Federal digital privacy proposal restricts use of student data

While protecting students' privacy, the act also aims to give enough freedom for companies to conduct research
By: | Issue: March, 2015
February 12, 2015

Companies that collect student data would be barred from using or selling it for anything other than educational purposes, under a law proposed in January by President Barack Obama. Called the Student Digital Privacy Act, it would also prevent companies from using data to target advertising to students.

The legislation is modeled on a comprehensive law passed in California last September. Some 36 states considered 110 student privacy bills in 2014, but California’s law is unique because it legislates education vendor activity in schools, says Paige Kowalski, vice president of policy and advocacy at the Data Quality Campaign.

While protecting students’ privacy, the act also aims to give enough freedom for companies to conduct research initiatives to improve student learning outcomes, and to continuously improve the effectiveness of their learning technology products.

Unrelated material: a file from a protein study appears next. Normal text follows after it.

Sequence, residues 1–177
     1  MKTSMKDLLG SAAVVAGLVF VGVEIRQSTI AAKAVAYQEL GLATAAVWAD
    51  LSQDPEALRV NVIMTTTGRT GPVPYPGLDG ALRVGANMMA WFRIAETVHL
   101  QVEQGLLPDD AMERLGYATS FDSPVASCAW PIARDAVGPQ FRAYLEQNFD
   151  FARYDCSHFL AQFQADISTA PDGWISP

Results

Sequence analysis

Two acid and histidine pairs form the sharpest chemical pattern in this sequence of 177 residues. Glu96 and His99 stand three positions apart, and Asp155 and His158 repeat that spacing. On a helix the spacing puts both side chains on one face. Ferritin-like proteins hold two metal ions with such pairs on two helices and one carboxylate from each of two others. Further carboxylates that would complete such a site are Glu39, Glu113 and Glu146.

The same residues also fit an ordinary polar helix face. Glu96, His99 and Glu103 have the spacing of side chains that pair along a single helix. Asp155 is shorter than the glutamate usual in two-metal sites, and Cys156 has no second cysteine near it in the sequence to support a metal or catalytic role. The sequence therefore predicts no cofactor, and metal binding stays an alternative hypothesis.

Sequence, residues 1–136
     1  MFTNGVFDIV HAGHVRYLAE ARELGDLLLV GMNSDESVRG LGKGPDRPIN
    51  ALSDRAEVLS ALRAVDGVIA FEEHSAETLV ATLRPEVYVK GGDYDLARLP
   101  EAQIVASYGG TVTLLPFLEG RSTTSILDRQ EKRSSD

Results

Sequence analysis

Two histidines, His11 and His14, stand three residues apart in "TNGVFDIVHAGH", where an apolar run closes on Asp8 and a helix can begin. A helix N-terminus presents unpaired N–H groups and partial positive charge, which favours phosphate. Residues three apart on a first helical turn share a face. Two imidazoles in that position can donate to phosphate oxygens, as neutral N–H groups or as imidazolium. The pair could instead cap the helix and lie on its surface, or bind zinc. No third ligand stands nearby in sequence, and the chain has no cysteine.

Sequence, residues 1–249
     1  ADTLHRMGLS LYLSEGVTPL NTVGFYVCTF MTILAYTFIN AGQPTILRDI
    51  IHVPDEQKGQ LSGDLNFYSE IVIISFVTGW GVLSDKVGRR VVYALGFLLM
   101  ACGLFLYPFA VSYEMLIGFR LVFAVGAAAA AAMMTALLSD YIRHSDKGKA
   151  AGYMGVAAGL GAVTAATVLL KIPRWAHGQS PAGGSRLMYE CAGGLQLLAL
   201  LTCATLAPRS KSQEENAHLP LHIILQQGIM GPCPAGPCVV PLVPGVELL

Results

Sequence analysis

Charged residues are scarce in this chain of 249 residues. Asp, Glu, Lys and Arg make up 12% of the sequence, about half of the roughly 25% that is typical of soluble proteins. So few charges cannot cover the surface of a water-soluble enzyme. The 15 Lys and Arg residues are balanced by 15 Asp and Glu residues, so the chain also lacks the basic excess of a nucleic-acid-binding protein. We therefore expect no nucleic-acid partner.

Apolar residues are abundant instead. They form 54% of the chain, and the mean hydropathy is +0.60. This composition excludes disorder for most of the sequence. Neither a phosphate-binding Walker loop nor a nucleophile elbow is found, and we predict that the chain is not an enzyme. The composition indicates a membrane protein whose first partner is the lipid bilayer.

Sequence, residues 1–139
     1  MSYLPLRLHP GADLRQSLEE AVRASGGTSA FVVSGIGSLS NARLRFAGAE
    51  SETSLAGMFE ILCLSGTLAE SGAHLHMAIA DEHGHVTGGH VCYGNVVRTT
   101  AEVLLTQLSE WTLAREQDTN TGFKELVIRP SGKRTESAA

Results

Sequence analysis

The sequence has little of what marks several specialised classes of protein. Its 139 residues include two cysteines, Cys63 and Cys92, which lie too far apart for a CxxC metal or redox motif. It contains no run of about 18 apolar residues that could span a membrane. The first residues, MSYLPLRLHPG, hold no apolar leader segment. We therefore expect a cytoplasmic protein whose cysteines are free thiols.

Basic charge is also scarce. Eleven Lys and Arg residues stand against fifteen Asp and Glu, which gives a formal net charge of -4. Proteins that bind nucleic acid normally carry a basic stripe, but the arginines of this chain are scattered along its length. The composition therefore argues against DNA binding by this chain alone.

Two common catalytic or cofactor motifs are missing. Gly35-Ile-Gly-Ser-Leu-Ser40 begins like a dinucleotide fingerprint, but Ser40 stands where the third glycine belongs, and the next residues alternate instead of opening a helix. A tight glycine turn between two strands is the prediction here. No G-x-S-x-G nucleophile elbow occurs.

“There have been many concerns raised about third-party vendors in schools and what kind of protections are in place,” says Kowalski, whose nonprofit organization promotes the effective use of student data. “It’s a natural evolution for the federal government to use this act to both reexamine current regulations and come up with new ones.”

Ensuring security without stifling valuable research will be key to developing this law, says Keith Krueger, CEO of CoSN. “Now that student data protection has been raised to the federal level, it’s gaining momentum and we want to make sure Congress passes a law in a thoughtful way,” Krueger says. “We don’t want it to end a lot of good things that we can do with data.”

While this proposal moves forward, school administrations should focus on being transparent with parents and the community about what data is being collected and the systems used, says Kowalski.

“It’s really important to respond in a simple, non-technical way when parents have questions,” she says. “All administrators and staff also need to be on the same page when it comes to their role in protecting student data.”

After seeking bipartisan support for the Student Digital Privacy Act, the bill is expected to be introduced to the U.S. House of Representatives within the next several weeks.


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